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Thousands of immunosuppressed people, including patients at Oxford University Hospitals (OUH), have the chance to take part in a landmark new study investigating which people are still at the greatest risk of COVID-19 infection after vaccination.

Person receiving a vaccination © National Cancer Institute via Unsplash

Researchers hope the STRAVINSKY study’s findings will provide everyone from clinicians and policymakers to patients and the general public with detailed, up-to-date information on the impact of booster vaccinations.

Professor Eleanor Barnes, of the University of Oxford’s Nuffield Department of Medicine, is leading the Oxford part of the study. She said: “We know that COVID-19 infections disproportionately affect those with weakened immune systems. While most of the population seems to have moved on from the pandemic, many of these patients are still shielding.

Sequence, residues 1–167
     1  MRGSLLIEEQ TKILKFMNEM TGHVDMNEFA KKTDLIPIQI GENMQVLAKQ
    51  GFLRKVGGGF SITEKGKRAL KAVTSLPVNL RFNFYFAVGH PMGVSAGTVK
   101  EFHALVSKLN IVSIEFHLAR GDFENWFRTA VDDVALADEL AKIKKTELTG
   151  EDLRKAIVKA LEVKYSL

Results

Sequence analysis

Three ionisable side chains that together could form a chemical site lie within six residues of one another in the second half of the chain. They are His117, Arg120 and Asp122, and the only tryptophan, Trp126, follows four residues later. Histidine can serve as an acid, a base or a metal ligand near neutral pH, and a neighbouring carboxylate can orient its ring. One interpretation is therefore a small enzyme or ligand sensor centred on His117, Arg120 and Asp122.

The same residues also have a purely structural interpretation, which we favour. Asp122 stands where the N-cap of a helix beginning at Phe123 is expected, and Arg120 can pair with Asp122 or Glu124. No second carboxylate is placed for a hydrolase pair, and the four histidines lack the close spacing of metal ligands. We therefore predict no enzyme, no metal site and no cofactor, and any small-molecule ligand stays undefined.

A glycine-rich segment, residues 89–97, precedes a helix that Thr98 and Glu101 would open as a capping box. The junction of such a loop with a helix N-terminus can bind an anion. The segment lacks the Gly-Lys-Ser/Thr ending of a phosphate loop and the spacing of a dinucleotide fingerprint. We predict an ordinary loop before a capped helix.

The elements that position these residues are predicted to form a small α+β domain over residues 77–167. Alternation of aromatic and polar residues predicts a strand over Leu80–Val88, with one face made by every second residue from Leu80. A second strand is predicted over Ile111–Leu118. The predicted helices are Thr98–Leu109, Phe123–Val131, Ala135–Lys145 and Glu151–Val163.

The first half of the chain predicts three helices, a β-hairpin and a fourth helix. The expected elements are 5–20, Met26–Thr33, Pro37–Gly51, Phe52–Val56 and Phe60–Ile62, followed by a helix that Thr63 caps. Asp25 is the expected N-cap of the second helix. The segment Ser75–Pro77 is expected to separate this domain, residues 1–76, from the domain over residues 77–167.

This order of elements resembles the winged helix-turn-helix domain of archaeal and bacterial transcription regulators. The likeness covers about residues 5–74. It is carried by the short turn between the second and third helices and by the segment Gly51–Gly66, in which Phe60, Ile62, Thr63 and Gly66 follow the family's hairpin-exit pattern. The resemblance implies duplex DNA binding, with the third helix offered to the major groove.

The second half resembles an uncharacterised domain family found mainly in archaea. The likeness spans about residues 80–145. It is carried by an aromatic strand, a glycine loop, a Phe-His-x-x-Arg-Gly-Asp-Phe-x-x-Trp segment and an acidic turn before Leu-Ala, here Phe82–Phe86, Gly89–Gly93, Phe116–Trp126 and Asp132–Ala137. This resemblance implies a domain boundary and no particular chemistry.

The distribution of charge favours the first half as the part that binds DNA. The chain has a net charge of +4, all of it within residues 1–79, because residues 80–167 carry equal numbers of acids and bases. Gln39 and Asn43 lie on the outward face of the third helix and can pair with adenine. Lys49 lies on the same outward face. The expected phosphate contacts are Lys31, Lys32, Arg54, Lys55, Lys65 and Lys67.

“STRAVINSKY aims to help us identify which individuals and patient groups are most clinically vulnerable to COVID-19 infection. We hope that, at the end of the study, our findings will inform future guidance for immunocompromised patients – we want to be able to reassure those who fear they are at high risk from COVID-19 but may not be; and to pinpoint those who remain extremely vulnerable to the virus.”

The two-year study has received 2.8m in funding from the National Institute for Health and Care Research (NIHR). Oxford is one of four main centres for the study, the others being Birmingham, Southampton and Imperial.

The STRAVINSKY study (Stratification of Clinically Vulnerable People for COVID-19 Risk using Antibody Testing) will recruit 3,000 immunocompromised patients; 2,600 will receive finger-prick antibody tests, whilst the remaining 400 get more comprehensive immune analyses.

Read the full story on the NIHR Oxford Biomedical Research Centre website